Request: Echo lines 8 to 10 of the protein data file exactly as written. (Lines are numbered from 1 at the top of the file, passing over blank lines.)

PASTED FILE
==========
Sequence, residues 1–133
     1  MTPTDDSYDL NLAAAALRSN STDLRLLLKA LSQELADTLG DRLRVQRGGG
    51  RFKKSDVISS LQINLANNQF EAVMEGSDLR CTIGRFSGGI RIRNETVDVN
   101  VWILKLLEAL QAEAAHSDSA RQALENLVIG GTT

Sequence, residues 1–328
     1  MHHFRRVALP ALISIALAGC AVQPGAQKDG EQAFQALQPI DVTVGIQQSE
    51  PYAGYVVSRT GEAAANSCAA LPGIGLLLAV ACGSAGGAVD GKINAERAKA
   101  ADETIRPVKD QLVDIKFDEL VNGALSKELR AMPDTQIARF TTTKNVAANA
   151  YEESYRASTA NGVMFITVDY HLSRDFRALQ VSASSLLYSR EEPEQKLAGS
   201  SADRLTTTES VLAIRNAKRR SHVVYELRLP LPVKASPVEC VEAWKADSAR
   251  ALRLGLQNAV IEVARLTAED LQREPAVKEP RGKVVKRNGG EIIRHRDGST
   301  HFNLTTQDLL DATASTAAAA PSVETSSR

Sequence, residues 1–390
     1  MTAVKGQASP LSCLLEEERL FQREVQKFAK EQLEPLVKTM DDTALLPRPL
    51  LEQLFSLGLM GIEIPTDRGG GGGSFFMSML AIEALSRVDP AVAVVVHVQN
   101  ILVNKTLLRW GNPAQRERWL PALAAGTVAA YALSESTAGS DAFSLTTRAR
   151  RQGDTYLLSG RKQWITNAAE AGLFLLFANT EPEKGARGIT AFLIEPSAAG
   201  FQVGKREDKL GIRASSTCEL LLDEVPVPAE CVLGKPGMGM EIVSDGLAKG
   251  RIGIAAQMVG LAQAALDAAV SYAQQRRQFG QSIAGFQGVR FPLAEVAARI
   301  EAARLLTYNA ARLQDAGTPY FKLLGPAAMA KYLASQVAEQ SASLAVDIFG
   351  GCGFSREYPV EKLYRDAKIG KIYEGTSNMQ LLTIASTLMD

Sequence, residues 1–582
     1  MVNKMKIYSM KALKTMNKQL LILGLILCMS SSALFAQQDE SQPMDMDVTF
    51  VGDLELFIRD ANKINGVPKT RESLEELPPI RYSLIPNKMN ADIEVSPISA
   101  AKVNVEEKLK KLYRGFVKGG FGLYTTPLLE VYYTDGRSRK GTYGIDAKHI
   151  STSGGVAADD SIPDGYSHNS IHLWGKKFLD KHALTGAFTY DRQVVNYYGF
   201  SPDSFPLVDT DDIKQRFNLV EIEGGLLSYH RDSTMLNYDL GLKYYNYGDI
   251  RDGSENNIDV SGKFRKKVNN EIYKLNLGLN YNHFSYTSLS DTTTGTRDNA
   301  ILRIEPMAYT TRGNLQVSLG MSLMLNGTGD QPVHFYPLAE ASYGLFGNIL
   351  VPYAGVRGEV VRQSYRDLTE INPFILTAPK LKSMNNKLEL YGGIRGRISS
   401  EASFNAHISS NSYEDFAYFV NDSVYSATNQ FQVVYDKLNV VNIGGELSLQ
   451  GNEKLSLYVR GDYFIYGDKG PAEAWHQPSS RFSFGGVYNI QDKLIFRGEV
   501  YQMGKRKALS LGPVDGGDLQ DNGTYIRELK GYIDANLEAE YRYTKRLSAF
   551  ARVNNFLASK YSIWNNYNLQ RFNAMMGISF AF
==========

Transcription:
   101  ADETIRPVKD QLVDIKFDEL VNGALSKELR AMPDTQIARF TTTKNVAANA
   151  YEESYRASTA NGVMFITVDY HLSRDFRALQ VSASSLLYSR EEPEQKLAGS
   201  SADRLTTTES VLAIRNAKRR SHVVYELRLP LPVKASPVEC VEAWKADSAR